December 5th, 2011 → 11:20 pm @ // 2 Comments

That’s probably the most frequent single question that people ask.  So many of us are poised to write, but hesitate because of the uncertainty of being stuck with a manuscript that no one will publish. The true diehards just go ahead and write. If they get published – great – but what happens when/if they don’t?

I can’t pretend to be one of those brave souls. I talked about writing a book for years, and none of the options appealed to me at all. I could invest all of the time, energy and passion it would take to create my masterpiece, and then spend a lot more time, energy and passion – not to mention money – in shopping it around and trying to get it published. I would bravely struggle to keep my hopes up as rejection after rejection flooded my mailbox and broke my resolve.

From what I’m told, shopping your manuscript around for an agent isn’t really much better. And, if you do find an agent to represent you there’s still no guarantee that they’ll be able to interest a publisher. I have known authors who were elated at finally finding that elusive agent – only to realize a year or two later that they are not infallible – even if they’re sure your book will be easy to sell!

Then, if you do manage to get your book published, will your publisher realize all of the financial benefits of your endeavor? I have also seen authors who earned pennies per book and could barely feed themselves after publishing more than a dozen novels.

Then there’s always self-publishing. You spend your money to back yourself and then hope there’s some change left to get out there and promote yourself. Experienced authors have cautioned that the uninitiated end up with a raw unedited piece that does not present itself, or you, in the best light.

Personally, I feel very fortunate that I stumbled upon a publisher who was willing to spend the time evaluating an unknown such as myself. My publisher took the time to help me polish my creation until it was ready for prime time; and the final product was something that could make us both proud.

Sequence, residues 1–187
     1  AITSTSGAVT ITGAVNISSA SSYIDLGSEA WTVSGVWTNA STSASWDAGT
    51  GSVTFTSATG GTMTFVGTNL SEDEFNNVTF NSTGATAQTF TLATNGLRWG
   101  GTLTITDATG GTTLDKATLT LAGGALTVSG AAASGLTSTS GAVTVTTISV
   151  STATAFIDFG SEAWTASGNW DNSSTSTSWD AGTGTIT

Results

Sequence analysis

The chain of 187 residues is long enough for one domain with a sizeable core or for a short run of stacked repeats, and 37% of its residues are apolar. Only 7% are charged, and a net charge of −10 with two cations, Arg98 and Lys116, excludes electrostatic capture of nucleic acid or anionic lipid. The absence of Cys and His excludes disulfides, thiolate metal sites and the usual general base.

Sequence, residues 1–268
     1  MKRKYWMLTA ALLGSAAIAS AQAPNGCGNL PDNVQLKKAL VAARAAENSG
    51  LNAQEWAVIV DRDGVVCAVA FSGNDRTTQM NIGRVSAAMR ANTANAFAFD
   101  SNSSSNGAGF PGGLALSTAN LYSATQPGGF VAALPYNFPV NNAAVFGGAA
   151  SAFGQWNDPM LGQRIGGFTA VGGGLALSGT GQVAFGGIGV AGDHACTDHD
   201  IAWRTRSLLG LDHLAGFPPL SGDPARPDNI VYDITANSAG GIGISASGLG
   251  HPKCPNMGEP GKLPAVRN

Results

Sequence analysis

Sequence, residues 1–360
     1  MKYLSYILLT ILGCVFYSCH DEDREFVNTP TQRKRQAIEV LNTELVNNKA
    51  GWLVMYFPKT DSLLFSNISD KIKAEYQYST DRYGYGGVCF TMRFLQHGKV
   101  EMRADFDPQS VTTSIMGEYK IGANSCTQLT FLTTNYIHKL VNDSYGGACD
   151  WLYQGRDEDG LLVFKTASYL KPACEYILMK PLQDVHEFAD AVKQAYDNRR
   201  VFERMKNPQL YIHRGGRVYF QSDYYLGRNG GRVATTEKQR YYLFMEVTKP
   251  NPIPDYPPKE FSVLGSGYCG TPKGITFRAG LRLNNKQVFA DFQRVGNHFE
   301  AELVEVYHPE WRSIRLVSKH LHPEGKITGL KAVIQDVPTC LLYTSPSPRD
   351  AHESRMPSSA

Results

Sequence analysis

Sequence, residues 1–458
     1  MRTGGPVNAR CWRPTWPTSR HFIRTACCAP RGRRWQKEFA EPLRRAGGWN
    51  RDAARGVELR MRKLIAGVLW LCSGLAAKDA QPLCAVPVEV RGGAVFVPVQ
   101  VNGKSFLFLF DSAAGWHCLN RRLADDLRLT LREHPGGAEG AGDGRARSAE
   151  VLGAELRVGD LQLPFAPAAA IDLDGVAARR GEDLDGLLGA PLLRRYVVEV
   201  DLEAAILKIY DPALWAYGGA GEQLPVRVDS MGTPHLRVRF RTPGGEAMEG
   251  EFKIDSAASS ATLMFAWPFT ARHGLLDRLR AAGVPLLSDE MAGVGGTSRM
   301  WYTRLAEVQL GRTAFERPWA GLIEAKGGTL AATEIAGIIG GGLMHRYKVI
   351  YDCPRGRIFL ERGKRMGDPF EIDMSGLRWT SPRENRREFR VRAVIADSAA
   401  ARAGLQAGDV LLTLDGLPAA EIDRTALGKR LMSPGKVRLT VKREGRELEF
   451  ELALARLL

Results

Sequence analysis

My publisher has been my partner and my cheerleader, not trying to greedily reap all of the profit if profit is to be made. Everybody should have the benefit of a publisher like mine.

Let me know if you’d like to meet my publisher. I am confident they will be willing to review your work and give you an honest assessment. If they decide to take your manuscript on you will learn an enormous amount and benefit from their knowledge and connections.

Why am I making this offer? I’m too new to worry about being completely inundated with everyone trying to get to me – maybe someday. I, myself, have wondered if I would ever get the chance to share my musings with the world – and now I know that it feels incredible. If it’s what you want, you should have a fair shot at it too. And no, I’m not getting any kickbacks.

 

 

 


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2 Comments → “So How Do You Get A Book Published?”


  1. Lisa Dieli Parker

    7 years ago

    Hi, Robin,

    I am SO excited to read your book. This blog entry says everything that is in my head and heart about my book, which is maybe 1/3 – 1/2 way done with the first draft. If your publisher also handles non-fiction, then I would love an introduction.

    Thank you!

    All best,

    Lisa Dieli Parker

    Reply

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